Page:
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equal to that of the social group into which he had been raised by the king. On the other hand, this only served to underline the greatness of his achievement, as civilitas and virtuous demeanour were something which, by nature, belonged to those who had been born noble. Unsurprisingly, maintaining appearances of courtly behaviour thus proved a continuous struggle to Godwin: with these striking features of his character, the earl, good and courteous in seeming, masked the blemishes which he owed to his birth, and by main force kept down the innate militancy of his malice.

Ultimately, the display of noble manners could not hide Godwin’s rustic pedigree, which revealed itself time and time again in the ruthlessness with which he pursued his political goals.82 Ease of manners was morally neutral: it could be used for sinister ends (as Henry the Young King had done), and it could be acquired even by those of low social origin (as with Earl Godwin). That which it was supposed to symbolise, however—a virtuous character—could not. This emphasis on social distinction reflected the conditions at the English royal court under Henry II, who drew increasingly on homines novi, men of mercantile or peasant stock, to staff his expanding fiscal and judicial apparatus.83 Map repeatedly warned of the evils which would result from men of low stock holding positions of power and influence. When explaining, for example, why members of the clergy were especially prone to exploiting the king’s subjects, he declared: It is because the gentry [generosi ] are too proud or too lazy to put their children to learning, whereas of right only free men [liberis] are allowed to learn the arts, which is why they are called liberal arts. The villains [servi ] on the other hand . . . vie with each other in bringing up their ignoble and degenerate offspring to those arts which are forbidden to them; not that they may shed vices, but that they may gather riches; and the more skill they attain, the more ill they do.84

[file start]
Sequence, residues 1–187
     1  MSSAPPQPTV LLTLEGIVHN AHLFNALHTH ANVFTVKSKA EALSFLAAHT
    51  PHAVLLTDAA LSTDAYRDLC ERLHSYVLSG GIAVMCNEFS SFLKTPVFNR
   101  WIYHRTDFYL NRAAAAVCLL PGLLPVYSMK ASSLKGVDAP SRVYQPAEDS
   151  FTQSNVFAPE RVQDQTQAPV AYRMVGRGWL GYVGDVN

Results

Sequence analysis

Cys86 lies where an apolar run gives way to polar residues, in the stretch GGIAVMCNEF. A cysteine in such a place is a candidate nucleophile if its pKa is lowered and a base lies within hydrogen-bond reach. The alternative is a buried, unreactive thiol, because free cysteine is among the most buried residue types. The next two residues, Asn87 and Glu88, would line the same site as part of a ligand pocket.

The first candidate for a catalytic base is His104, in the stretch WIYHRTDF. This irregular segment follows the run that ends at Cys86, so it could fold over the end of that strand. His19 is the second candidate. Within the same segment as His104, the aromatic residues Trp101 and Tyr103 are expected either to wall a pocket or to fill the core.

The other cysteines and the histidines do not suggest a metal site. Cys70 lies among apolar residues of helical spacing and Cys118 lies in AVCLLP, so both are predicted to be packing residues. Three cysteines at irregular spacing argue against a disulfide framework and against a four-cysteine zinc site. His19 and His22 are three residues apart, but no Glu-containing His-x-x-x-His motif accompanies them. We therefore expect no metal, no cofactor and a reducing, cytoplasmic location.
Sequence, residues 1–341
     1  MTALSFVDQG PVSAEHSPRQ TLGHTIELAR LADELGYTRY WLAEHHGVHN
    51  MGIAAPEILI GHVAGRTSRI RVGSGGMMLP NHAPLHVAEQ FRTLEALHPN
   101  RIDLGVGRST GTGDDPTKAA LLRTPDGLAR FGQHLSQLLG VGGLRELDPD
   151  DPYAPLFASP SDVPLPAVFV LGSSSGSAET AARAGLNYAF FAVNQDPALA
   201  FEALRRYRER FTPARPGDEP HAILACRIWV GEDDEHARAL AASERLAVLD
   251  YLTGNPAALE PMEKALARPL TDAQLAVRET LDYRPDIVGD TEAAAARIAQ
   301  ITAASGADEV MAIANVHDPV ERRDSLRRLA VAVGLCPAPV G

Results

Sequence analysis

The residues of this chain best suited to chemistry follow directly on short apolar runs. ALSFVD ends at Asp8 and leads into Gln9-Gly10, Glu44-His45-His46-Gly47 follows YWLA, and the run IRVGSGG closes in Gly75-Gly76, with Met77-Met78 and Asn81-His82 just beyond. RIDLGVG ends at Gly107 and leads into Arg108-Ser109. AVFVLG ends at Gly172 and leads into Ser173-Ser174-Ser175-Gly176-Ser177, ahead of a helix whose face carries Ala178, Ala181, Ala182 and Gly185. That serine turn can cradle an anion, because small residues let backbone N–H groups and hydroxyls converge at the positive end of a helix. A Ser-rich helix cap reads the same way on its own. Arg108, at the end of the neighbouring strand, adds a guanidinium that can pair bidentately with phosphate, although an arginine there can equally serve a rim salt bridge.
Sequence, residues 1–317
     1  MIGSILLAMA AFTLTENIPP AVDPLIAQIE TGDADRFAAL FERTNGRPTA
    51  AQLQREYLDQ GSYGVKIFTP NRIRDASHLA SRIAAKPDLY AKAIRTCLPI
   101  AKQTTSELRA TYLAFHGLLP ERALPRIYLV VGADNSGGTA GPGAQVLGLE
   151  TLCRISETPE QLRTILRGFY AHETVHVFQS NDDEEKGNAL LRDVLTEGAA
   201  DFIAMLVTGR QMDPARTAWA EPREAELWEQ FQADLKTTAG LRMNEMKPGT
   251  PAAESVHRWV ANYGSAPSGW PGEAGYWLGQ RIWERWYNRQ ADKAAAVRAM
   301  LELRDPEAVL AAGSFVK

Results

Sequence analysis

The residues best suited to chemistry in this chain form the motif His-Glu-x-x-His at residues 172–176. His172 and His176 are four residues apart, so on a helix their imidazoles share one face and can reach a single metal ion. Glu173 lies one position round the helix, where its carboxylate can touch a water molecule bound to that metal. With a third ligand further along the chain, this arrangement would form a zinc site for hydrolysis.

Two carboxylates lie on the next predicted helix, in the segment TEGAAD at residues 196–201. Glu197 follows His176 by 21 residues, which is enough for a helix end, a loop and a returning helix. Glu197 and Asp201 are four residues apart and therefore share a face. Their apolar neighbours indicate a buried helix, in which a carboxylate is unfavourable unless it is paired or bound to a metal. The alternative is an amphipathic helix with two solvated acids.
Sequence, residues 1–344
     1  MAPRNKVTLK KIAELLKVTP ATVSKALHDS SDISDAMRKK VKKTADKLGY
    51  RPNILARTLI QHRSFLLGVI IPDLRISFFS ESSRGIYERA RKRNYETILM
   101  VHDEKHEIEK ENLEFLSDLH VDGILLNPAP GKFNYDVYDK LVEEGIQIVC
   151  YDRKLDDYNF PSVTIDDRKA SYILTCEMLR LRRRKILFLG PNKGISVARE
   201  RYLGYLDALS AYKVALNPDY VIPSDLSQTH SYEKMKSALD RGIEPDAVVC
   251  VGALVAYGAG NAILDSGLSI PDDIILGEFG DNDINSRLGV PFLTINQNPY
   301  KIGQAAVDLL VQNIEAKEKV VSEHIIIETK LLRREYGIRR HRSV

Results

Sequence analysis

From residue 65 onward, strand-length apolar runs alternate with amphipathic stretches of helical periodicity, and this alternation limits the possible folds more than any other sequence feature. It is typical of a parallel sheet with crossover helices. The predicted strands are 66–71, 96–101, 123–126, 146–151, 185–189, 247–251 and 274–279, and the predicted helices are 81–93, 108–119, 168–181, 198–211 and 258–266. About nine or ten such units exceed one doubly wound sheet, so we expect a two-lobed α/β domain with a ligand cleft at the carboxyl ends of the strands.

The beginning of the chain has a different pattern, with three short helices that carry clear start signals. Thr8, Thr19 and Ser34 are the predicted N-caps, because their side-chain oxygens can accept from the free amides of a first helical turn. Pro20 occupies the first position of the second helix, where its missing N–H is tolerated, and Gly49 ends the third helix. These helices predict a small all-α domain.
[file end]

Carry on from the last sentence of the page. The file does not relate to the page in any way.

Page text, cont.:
Because of the hostility shown by the traditional elites, the generosi, towards the idea of learning, the schools were filled with men who had neither the pedigree nor the disposition to use their knowledge wisely. They, too, possessed the tools by which to symbolise virtue, but they

82

DNC 5.3, pp. 416–17. Ralph V. Turner, Men Raised from the Dust: Administrative Service and Upward Mobility in Angevin England (Philadelphia, 1988), 1–19; Warren, The Governance, 129–33. 84 DNC 1.10, pp. 12–13. 83

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lacked the mindset and character to choose virtue over greed, ambition or envy.85 In fact, there was only one reason why rulers might extend their patronage to unfree men: “because they want to serve vices, and shun the freedom of virtues.”86 The example of King Edmund Ironside provided a stark warning as to the consequences this might have: he had made a man of low birth one of his closest confidants. However, when Edmund withheld a benefice which his favourite desired, the latter contrived to murder him, thereby not only ending the life of his master, but also delivering the realm of England into the hands of King Cnut.87 This already points to the underlying need for the virtuous conduct of rulers. Virtuous kingship benefited the realm as a whole; in fact, Map spent much space on outlining the economic benefits of Henry I’s rule. If, on the other hand—as had been the case with Henry II—kings chose officials of low social status, or if they were reluctant to be available to their subjects, then injustice, expropriation and corruption would be the inevitable result. This need not necessarily lie in the ruler’s intention. Henry II, for instance, had been brought up to do as he did by his mother, the Empress Matilda, and had been encouraged in these ways by his wife, Eleanor of Aquitaine. For that very reason, however, rulers had to be especially vigilant. De nugis shared basic beliefs as to the nature and hierarchy of virtues with the Historia—justice was all important, virtue was a matter both of outward action and inner disposition—but once Map sought to define what these virtues meant in practice, his courtly background shone through: virtue was unobtainable to those of low or peasant stock; justice defined itself through controlling the plots and schemes of one’s attendants; generosity meant ensuring the livelihood of one’s courtiers. He shared the contempt, evident in chivalrous literature, for monastic orders,88 and his narrative technique was aimed at the tastes and predilections of his audience: it contained

85 Once again, the court of King Henry I was the ideal court, as it combined a moral education with aristocratic pursuits such as hunting: ibid., 5.5, 5.6, pp. 438–39, 472–73. 86 Ibid., 5.4, pp. 428–29. 87 Ibid., pp. 430–31. 88 John W. Baldwin, Aristocratic Life in Medieval France: The Romances of Jean Renart and Gerbert de Montreuil, 1190–1230 (Baltimore, 2000), 213–5; Constance B. Bouchard, Strong of Body, Brave and Noble: Chivalry and Society in Medieval France (Ithaca, London, 1998), 159–67.